The Texas Penal Code already has stat utes to prosecute most of the offenses outlined in HB 433.  Other states have successfully prosecuted individuals who actually damage property, trespass, or otherwise violate criminal laws.  Rodney Coronado, for example, served 57 months in prison for setting fire to an animal research facility at Michigan State University.  There are many such examples, and no other state has passed a law like this. We believe that this new “terrorism” law will do little to deter extremists committed to destruction.

Threatens the Freedom of the Press

Under Sec 28.09(b)(E) it is a Class B misdemeanor for a journalist to enter legally an animal or natural resource facility “to take photographs or make a video recording with the intent to defame the facility or the facility's owner.”  In May ’98, Channel 13 News in Houston broadcasted an investigative report by Cynthia Hunt; the report featured hidden-camera footage of an animal facility that hosted controversial Dog and Hog Trials. Under HB 433, Ms. Hunt could be prosecuted as a terrorist. In another case, an employee of a large hog facility, with the help of an animal rights group, videotaped another employee beating young pigs with a metal hammer and a gate hook. After tapes of the incident were sent to the authorities, the individual was prosecuted for animal cruelty and the company publicly apologized. Under this bill, the employee could be prosecuted as a terrorist.

HB 433 regards nonviolent civil disobedience as terrorism< /B>

A top priority for the 78th legislature is keeping Texans safe from terrorism.  To fight terrorism effectively, however, we should not widen the definition to cover peaceful activities.  Civil disobedience—“disrupting” an animal or natural resource facility—does not fall under the Bush Administration’s definition of terrorism.  Few Texans would regard the peaceful tactics of Mahatma Gandhi and Martin Luther King, Jr. as acts of terrorism.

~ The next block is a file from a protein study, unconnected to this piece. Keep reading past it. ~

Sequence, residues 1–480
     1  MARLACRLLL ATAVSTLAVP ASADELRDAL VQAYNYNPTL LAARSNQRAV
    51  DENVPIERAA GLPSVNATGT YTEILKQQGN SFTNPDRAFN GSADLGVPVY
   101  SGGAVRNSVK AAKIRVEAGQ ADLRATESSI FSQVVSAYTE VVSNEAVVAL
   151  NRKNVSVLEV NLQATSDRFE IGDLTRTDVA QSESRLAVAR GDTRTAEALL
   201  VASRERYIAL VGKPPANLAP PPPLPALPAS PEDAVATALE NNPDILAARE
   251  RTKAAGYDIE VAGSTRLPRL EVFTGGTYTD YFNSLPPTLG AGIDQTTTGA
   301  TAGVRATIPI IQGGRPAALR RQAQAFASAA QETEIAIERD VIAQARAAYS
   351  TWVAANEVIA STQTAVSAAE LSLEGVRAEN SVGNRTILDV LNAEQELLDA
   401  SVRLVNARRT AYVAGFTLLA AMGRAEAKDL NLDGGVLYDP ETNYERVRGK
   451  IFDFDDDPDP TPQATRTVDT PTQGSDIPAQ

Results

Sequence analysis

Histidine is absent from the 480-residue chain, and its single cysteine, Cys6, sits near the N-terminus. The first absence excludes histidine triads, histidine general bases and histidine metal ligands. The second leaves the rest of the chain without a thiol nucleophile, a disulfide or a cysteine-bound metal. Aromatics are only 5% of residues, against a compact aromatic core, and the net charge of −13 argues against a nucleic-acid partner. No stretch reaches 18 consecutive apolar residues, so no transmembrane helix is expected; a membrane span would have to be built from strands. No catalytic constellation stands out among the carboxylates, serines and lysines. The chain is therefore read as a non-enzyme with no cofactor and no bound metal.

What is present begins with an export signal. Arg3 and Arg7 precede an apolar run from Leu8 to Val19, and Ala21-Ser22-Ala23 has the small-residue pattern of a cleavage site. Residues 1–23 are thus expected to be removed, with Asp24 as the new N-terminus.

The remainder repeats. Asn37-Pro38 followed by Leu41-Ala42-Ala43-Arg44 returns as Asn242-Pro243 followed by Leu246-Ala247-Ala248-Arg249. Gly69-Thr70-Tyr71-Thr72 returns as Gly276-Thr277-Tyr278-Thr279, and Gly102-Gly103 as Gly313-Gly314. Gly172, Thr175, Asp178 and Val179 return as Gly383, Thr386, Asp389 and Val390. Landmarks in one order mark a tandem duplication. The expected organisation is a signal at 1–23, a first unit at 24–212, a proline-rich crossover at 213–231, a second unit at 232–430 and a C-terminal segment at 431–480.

HB 433 threatens the priva cy of nonviolent activists

The bill requires the creation of an Internet database of the names of “animal rights and ecological terrorists,” and requires that every person who commits an offense under the bill to provide all change of address information. This database will discourage people from exercising their rights to peaceably assemble and express their political views by labeling them publicly as terrorists.

http://www.capitol.state.tx.us/tlo/78r/billtext/HB00433I.HTM

Sec. 411.0422.  INFORMATION REGARDING ANIMAL RIGHTS OR
ECOLOGICAL TERRORIST.  (a)  The department shall create a record of
each individual who commits an offense under Section 28.09, Penal
Code.
(b)  A record created under this section must include the
individual's name, residence address, and signature and a recent
photograph of the individual.
(c)  If an individual who is t he subject of a record makes a
change in name or address, the individual shall, not later than the
30th day after making the change, provide to the department written
notice of the change.
(d)  The department shall maintain an Internet website
containing each record described by this section.  A record must
remain on the website for at least three years, at which time the
individual who is the subject of the record may apply to the
department for a hearing on removal of the record.